Horse Barn Air Quality
In recent years horsemanship scientists have confirmed that stalls can present significant equine welfare challenges by restricting movement and social interactions. But that’s not all. Study results revealed that they—especially closed box stalls—have much higher concentrations of potentially disease-causing pathogens in the air compared to run-in sheds.

Escherichia coli, staphylococci, mold fungi, and other varieties of disease-causing bacteria hover invisibly in the air of our stables, threatening horses’ and humans’ respiratory health, said Katarzyna Wolny-Koładka, PhD, of the University of Agriculture Department of Microbiology, in Cracow, Poland. And those pathogens circulate in much denser levels when horses are kept closed-up in box stalls.

“Also the dust, formed during maintenance work within the facilities, contributes to the increase in the microbial concentration of the air,” said Wolny-Koładka said.

In their study, the researchers took air samples four times a year (once in each season) for three years from four to five locations within each of three riding stables in Poland:

  • Stable 1, with 15 horses housed in seven indoor box stalls and eight outdoor box stalls.
  • Stable 2—considered “one of the largest and most modern stables in Poland,” Wolny-Koładka said—with 100 horses housed in indoor box stalls.
  • Stable 3, with 30 horses living in groups outdoors with three-sided shelters and a main barn for storage, tack, and rider convenience.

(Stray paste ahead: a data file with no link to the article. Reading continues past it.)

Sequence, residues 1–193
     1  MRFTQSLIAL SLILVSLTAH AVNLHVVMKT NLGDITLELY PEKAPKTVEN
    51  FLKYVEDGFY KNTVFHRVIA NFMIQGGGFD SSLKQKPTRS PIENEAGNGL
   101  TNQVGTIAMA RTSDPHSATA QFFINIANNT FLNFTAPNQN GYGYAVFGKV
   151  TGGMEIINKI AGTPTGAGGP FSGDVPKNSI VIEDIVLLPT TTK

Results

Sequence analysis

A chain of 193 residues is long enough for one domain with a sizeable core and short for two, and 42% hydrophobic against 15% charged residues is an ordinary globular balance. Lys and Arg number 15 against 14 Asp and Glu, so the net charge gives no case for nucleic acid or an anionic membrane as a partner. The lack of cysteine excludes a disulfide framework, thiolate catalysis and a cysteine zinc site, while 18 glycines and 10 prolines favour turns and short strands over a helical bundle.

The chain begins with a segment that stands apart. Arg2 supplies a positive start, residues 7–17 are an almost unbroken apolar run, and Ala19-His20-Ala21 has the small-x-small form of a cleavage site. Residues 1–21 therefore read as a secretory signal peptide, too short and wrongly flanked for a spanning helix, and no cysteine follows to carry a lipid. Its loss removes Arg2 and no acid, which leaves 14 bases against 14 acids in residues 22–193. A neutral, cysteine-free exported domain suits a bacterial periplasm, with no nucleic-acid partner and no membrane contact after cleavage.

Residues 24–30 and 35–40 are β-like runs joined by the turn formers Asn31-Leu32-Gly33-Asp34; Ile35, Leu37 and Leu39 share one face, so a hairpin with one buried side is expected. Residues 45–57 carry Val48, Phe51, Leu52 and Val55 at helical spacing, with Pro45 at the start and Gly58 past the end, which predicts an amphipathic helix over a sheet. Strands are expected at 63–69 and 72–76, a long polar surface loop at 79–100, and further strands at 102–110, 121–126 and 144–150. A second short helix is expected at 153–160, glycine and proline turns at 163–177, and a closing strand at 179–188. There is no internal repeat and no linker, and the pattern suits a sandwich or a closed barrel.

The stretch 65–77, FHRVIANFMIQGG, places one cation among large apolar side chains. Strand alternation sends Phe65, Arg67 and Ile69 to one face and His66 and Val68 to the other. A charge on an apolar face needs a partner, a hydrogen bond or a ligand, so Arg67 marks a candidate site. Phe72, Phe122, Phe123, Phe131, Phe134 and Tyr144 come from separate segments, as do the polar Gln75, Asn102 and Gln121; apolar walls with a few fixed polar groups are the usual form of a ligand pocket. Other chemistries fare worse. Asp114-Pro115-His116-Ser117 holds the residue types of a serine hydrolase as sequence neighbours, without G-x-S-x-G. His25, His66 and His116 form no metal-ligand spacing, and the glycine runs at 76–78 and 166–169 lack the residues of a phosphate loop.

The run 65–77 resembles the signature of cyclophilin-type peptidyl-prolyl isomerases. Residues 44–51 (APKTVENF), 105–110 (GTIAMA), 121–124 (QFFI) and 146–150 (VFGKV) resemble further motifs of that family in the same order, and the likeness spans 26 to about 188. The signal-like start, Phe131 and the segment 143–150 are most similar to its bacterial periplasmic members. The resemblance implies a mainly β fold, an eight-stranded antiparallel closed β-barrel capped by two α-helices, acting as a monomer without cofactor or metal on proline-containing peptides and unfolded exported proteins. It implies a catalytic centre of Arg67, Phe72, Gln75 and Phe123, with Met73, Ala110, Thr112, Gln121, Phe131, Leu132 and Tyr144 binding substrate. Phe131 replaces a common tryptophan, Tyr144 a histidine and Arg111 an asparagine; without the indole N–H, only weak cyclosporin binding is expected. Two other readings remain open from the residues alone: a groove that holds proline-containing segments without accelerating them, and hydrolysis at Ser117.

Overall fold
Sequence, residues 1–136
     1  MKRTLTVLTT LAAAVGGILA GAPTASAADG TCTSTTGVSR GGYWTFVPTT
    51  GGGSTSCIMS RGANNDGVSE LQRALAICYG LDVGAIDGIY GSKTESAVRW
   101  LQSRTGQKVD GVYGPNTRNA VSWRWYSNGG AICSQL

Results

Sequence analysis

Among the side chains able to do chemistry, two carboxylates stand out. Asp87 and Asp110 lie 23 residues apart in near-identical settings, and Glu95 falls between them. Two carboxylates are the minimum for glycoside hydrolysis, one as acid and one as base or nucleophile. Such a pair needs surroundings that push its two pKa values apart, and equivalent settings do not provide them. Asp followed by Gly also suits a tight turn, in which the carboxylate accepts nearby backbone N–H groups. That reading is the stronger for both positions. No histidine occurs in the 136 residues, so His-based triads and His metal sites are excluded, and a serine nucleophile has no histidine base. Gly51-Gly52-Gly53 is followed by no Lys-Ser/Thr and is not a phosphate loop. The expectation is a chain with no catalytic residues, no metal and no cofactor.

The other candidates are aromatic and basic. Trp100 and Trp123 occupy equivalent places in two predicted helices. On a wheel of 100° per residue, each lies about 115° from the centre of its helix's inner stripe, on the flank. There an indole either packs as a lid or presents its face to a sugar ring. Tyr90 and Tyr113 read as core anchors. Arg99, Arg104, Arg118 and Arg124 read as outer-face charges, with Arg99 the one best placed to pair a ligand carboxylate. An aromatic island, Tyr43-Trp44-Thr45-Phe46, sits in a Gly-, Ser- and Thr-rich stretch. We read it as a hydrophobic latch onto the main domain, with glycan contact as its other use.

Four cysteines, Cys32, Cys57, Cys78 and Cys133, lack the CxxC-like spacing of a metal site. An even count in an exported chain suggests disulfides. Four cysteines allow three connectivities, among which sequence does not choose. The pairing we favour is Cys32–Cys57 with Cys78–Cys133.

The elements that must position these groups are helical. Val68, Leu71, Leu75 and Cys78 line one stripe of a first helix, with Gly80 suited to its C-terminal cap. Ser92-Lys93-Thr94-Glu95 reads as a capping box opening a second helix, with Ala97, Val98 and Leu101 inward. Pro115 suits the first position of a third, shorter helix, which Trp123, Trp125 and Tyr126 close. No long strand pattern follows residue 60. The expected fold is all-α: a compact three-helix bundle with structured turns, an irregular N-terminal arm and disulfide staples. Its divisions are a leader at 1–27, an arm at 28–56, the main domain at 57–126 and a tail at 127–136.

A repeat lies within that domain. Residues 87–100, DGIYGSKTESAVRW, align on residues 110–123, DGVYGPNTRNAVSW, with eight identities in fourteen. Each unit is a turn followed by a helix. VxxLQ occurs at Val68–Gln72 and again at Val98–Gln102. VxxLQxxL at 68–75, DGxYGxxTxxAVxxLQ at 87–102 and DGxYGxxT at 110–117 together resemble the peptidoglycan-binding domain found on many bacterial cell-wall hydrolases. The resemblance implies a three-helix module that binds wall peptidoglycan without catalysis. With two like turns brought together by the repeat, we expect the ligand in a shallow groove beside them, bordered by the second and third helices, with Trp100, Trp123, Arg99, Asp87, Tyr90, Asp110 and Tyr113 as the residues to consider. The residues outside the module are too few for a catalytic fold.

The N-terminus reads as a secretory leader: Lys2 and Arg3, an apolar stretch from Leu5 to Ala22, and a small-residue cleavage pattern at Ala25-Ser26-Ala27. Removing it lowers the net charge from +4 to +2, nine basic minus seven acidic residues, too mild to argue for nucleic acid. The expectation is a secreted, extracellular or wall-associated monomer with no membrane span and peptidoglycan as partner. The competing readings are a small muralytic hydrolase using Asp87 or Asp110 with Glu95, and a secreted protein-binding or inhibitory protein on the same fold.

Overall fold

They found very high levels of “bioaerosols”—essentially, organic air pollution—in Stable 2. Average airborne bacteria rates were about 25% higher in Stable 2 than in Stable 1 and about 10 times higher than in Stable 3, she said.

The bacteria identified included Staphylococcus spp., Streptococcus spp., Bacillus spp., and E. coli. Average mold fungi was more than twice as high in Stable 2 than in Stable 1 and more than three times higher than in Stable 3. The fungi species they found included Aspergillus, Fusarium, Mucor, Rhizopus, Penicillium, Trichothecium, Cladosporium, and Alternaria.

Bedding was part of the problem in Stables 1 and 2, Wolny-Koładka said.

“Straw is a source of bacteria and toxicogenic fungi,” she said. “That’s especially true when it is badly stored and damp, because it favors the development of microorganisms.”

Because their study focused on comparing housing types, they did not test different kinds of bedding. However, previous studies have already investigated bedding’s effects on stable air quality.

“The problem in the box stables is also that in the centers that run the box-stall system of horse-keeping, the animals spend a lot of time in their boxes,” Wolny-Koładka said. “Many care and cleaning operations are carried out in a limited, closed space. In addition, there is manure in the boxes and there is feed, straw, and hay for horses in the farmhouses, constituting the source of particulate pollution of air.”

Pathogens can also get into the barns via other sources, she added: “Horses, people, air that flows into the stable, water in containers and pans, soil brought on shoes and hooves to the stable, bird nests, small rodents, cats and dogs often living in stables, insects, damp building materials, such as after flooding, etc.”

Wolny-Koładka recommended owners and managers:

  • Clean stalls and remove used bedding daily;
  • Store straw and hay in well-ventilated, dry areas to prevent mold fungi growth; and
  • Avoid activities such as grooming and clipping in enclosed stalls.

“These behaviors contribute to animal welfare and also translate into sanitary and hygienic conditions prevailing in the stables,” she said.

The study, “Microbiological quality of air in free-range and box-stall stable horse keeping systems,” was published in Environmental Monitoring and Assessment.